Although construction site manager Eric van Nes has been working in Zuidas for a while – he was involved in the construction of 2Amsterdam and the O|2 lab building – he had never before worked on diaphragm walls. When it is completed in 2023, research will be conducted in the building using highly sensitive microscopes with lasers. ‘Our brief is to erect a building that will not have an effect on the research results. This means that the research building will need to be extremely rigid and protected against vibration and external movements. That’s quite a challenge for an area like Zuidas, which is certainly not deserted and is developing fast.’
The new research building will be made up of two sections: a high-rise section for teaching and a low-rise section for research. The latter section needs to be vibration-free. In order to make that possible, the excavation work was particularly important. The diaphragm walls will serve as an additional protective shield around the basement of the low-rise building. Around the future building, Van Nes and his team dug a U-shaped trench, 120 m long in total, 1 m wide and a full 25 m deep. To prevent the trench collapsing, they had to replace the soil removed immediately with a type of liquid clay. They then allowed the reinforcement to sink into this liquid clay. They were then able to pour in concrete, while simultaneously pumping away the liquid clay. This created the diaphragm wall that will prevent vibration from the high-rise building and traffic in De Boelelaan penetrating the low-rise building.
Pouring concrete floor
In combination with the sheet piling, the diaphragm walls will form the construction pit in which foundations and a basement have now been built. ‘In the construction pit, we’re now continuing work on the basement shell. The next milestone will be in the spring, when we’ll pour the concrete floor for the ground floor. We can then start heading upwards and you will see the building gradually starting to take shape.’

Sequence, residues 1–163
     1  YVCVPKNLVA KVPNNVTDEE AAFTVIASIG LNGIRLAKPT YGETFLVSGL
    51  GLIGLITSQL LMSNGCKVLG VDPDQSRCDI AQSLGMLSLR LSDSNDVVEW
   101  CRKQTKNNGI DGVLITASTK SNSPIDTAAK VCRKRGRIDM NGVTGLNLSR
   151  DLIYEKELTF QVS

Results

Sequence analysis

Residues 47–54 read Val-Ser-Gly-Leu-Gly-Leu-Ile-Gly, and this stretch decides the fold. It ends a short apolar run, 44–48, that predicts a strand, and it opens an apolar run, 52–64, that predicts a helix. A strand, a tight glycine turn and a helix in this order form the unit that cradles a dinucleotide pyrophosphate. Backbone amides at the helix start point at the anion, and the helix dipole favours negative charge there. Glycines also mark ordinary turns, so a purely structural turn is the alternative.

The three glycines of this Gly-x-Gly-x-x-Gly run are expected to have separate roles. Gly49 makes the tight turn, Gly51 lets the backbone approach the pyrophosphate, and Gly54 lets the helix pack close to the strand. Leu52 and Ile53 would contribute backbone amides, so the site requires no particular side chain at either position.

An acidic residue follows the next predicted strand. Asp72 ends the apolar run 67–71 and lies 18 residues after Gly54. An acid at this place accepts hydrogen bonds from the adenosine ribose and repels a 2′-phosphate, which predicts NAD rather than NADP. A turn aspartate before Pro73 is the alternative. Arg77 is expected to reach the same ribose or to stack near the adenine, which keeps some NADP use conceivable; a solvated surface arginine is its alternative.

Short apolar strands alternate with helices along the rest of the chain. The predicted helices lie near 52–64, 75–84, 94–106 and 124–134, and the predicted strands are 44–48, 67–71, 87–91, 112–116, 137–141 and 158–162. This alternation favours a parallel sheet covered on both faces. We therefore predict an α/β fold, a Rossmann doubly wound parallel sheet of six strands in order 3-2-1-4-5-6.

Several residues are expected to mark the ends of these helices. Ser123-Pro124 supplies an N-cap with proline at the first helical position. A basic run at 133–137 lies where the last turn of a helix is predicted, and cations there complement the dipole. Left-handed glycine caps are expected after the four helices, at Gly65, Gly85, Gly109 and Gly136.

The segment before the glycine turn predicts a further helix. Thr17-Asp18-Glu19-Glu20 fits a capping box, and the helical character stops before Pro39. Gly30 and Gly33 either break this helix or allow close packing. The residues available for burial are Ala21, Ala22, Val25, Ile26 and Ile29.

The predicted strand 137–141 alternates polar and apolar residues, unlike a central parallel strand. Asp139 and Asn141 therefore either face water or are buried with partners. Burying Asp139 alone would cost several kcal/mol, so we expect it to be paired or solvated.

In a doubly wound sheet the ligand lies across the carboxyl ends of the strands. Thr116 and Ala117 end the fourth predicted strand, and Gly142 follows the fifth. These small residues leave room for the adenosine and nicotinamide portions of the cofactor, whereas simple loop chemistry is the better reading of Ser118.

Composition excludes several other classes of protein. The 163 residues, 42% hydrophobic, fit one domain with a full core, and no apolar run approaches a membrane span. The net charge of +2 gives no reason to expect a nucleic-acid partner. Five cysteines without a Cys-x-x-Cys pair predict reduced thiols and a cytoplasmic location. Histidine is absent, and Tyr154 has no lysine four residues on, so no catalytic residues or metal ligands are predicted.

Overview of everything
Van Nes finds the logistical constraints involved in construction work in Zuidas to be challenging. ‘You have to have a constant overview of everything. If you forget something, it can have major consequences.’ As an example, Van Nes points at the two tower cranes on either side of the construction site: to the east and to the west. ‘Ideally, we would have positioned them to the north and south, so that you have a crane for the high-rise building on the De Boelelaan side and one at the back where the low-rise building will be. But because of the arrival route for the Amsterdam UMC emergency helicopter, that wasn’t possible. So, you have to arrange the building site like this, to make it work despite the constraints. But, of course, these are issues that we need to plan well in advance.’
The new research building will be in the new Innovation District – also known as Knowledge Quarter – that Zuidas is developing in partnership with VU Amsterdam and Amsterdam UMC. The area is to the south of the A10, between Parnassusweg/Buitenveldertselaan, Amstelveenseweg and A.J. Ernststraat. The Innovation District will include around 2,700 homes, space for knowledge-related businesses, a primary school, culture, and hospitality and catering. This will be a neighbourhood that brings together healthcare, science, and entrepreneurship.